Friday, April 26, 2013

My View

Random ruminations from your resident curmudgeon...

So it seems that our Congressional leaders are engaged in private discussions to exempt themselves from Obamacare. Seems that the cost of this obamination has some on Capital Hill worried that it will be so expensive it will force many lower and mid-level staffers to leave and look for higher paying jobs so they can afford the healthcare premiums. The ability of Congressional staffers to leave and go to higher paying  jobs where they can more readily absorb the steeply rising cost of healthcare coverage is a boon for them, but what about most of us that cannot transition our job or career so easily? Many families are going to see their healthcare premiums rise 25-50% with the full implementation of Obamacare and they will have no choice but to absorb the cost increase. Democrats have foisted this piece of crap health plan on this country, and they should be made to suffer under the increased cost and reduced service as all of us will have to do. The underlying principal that is in play here, though, is the fact that our elected leaders deem themselves above the laws and regulations that they implement and under which we have to operate. This divergence is dangerous and leads to disasters like Obamacare. It is time to hold our elected leaders accountable and force them to live with the same laws- and their accompanying costs- as all of us have to do.

I went shopping at a general store, but they wouldn't let me buy anything specifically.

Congress is debating an immigration bill that has focused our attention on amnesty and the path to citizenship for those that are in our country illegally. There is no doubt that our immigration laws are dysfunctional and need reform, and the entire immigration system and process needs to be made more functional and efficient. I don't think this bill accomplishes that. And the proposed immigration bill that is under debate has some staggering costs associated with it. Section 212(a)(4) of the U.S. Code says that no immigrant that is at risk of becoming a "public charge" can get a green card. How is that working out for our country? Over half of the holders of green cards currently have incomes below 138% of the federal poverty line and are uninsured and are receiving some form of public assistance. To increase immigration under the provisions of this proposed bill would cost the American taxpayers and additional $100 billion over the next decade to pay for their benefits, according to Betsy McCaughey, former Lt. Governor of New York. Illegal immigrants, under the proposed new bill would be granted provisional status and on their path to citizenship and would not be allowed to collect public assistance. Oh, with these few exceptions: unemployed; in job training; getting a high school or GED diploma; taking care of a child; younger than 21 or older than 60; or going to college. In other words, virtually every illegal immigrant that is given a provisional green card will qualify for some of your income via the transfer tax under this bill. The lunacy of the Rubio-McCain bill is beyond words and should it should be stopped immediately.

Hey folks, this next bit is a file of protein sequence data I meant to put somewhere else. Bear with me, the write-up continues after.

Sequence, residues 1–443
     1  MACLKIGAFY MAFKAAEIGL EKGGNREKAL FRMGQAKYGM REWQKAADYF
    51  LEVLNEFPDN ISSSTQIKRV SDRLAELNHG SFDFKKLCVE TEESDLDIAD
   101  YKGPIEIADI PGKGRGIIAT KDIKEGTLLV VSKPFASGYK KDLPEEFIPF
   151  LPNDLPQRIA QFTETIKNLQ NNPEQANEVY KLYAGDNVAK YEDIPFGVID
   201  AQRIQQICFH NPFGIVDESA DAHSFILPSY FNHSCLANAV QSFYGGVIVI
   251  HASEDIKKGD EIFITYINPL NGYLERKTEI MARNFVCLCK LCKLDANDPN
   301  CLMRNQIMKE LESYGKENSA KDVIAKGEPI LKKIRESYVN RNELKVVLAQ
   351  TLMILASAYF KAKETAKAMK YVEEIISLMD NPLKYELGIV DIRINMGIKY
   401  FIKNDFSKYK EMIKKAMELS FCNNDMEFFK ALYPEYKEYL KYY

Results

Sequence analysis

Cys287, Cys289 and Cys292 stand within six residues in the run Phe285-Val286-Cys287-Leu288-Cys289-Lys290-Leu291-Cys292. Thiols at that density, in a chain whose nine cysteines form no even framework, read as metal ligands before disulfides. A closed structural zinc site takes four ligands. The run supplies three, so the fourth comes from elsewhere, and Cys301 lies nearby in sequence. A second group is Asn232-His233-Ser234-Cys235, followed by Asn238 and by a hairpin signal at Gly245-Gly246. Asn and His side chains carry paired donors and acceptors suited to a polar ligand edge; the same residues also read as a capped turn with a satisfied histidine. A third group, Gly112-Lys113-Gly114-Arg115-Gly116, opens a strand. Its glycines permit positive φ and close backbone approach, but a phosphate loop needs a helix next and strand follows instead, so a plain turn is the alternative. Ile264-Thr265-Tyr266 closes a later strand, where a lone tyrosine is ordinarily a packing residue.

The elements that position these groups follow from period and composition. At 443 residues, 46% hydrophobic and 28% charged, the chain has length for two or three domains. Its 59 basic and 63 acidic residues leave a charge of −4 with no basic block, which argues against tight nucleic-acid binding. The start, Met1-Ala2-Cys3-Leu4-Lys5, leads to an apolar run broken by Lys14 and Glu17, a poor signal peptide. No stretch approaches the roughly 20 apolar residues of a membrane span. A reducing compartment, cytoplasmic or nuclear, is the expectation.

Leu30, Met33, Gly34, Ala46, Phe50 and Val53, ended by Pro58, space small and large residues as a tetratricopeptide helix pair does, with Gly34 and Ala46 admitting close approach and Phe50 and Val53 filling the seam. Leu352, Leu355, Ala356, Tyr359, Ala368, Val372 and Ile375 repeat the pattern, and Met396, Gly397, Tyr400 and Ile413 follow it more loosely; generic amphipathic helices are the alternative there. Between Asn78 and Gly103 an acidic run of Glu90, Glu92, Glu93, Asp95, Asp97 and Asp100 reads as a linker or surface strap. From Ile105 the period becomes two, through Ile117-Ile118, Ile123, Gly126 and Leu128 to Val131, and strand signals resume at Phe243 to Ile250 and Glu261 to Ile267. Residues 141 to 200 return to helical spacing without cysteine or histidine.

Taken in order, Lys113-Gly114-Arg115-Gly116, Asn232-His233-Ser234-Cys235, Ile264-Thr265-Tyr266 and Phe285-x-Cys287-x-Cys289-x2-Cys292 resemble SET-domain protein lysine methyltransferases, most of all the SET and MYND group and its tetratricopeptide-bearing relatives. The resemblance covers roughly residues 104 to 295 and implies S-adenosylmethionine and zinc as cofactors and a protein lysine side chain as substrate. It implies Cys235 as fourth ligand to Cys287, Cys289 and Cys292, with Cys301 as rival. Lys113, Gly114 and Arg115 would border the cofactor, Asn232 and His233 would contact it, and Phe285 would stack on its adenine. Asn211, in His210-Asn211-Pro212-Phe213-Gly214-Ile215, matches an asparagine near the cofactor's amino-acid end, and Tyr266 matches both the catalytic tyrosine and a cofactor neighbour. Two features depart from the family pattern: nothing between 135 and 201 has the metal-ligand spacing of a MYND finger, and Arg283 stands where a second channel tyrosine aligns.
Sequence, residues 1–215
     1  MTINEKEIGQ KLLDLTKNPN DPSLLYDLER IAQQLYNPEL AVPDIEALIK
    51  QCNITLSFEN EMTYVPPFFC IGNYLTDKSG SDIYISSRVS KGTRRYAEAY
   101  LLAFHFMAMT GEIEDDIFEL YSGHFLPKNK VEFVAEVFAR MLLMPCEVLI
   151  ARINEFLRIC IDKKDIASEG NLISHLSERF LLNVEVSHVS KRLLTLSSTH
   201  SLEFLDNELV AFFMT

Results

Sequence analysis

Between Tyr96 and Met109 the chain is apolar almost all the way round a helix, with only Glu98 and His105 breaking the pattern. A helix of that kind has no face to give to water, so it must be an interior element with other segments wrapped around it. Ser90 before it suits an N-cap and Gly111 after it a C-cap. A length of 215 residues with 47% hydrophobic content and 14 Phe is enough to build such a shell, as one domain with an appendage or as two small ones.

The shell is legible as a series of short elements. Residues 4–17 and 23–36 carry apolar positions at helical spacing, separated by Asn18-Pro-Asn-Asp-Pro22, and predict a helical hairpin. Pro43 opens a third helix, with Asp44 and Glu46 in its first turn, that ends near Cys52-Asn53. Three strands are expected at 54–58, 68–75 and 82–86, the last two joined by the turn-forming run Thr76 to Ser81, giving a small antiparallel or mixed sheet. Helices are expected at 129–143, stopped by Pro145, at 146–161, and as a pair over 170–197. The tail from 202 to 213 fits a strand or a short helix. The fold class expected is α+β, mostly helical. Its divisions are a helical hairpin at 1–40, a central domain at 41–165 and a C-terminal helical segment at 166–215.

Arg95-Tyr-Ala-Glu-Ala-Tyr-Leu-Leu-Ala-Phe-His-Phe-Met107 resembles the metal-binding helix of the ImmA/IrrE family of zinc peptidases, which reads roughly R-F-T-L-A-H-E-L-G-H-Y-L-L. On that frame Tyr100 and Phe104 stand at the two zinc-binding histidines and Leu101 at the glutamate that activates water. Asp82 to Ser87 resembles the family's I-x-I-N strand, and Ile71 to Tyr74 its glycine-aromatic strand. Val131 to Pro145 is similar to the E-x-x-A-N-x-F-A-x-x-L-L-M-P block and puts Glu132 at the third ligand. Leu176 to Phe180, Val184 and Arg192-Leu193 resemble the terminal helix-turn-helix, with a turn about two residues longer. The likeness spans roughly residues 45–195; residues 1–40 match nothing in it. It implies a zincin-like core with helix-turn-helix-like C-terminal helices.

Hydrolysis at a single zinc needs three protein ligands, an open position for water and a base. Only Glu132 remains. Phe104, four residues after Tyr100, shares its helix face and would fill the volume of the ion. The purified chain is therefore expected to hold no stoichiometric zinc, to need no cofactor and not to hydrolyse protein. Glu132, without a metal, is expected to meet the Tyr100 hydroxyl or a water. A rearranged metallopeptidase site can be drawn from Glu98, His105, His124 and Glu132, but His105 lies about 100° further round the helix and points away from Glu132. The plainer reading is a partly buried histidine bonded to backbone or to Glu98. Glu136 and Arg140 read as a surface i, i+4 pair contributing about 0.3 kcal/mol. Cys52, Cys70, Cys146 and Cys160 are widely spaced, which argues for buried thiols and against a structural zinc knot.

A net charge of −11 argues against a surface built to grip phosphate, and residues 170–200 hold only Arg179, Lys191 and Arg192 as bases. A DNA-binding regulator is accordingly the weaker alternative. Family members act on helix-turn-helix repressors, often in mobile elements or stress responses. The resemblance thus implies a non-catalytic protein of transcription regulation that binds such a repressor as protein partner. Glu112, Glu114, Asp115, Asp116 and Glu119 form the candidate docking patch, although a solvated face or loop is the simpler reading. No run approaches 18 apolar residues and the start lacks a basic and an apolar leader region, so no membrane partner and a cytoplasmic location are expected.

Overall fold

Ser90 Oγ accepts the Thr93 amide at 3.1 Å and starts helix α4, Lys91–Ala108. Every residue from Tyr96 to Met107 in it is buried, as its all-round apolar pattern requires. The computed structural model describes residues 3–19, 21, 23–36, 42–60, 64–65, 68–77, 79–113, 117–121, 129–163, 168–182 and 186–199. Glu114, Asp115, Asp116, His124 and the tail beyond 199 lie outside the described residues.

If you drink, don't drive. Don't even putt.

Congress is considering a bill that would allow each state to collect taxes on Internet purchases made by the residents of that state. As more of us purchase an ever expanding array of goods over the Internet, states have been losing sales tax revenue that they would have collected if the purchases had been made at store with a physical location within their borders. Merchants with a physical presence have decried the lack of tax collection, saying it creates an uneven playing field between them and on-line sellers. States bemoan the lost revenue. so the bill before Congress seems like it will even things up, right? Know that we are talking some serious money here. According to the Commerce Department, Internet sales totaled $226 billion in the U.S. in 2012, up 16% from the previous year. What this bill does, however, is make most on-line retailers tax (on-line retailers with annual sales of less than $1 million are exempted under the proposal) tax collectors for the various states. Further, a company headquartered in one state with no physical representation in another state is still subject to the tax laws and changes that may be enacted, and they have no representation. Now imagine if you are an on-line retailer and you now have to comply with 50 different tax jurisdictions and their particular laws and regulations. Think your cost of doing business is going up? And when it does, those companies will slow their expansion. And pass those increased costs on to you and me. This little glimpse into the complexity of our tax system in this country points out the desperate need for reform and simplicity in the tax code.

I have always wanted to be the last man on earth just to see if all those women were lying to me.

And that, my friends, is my view.

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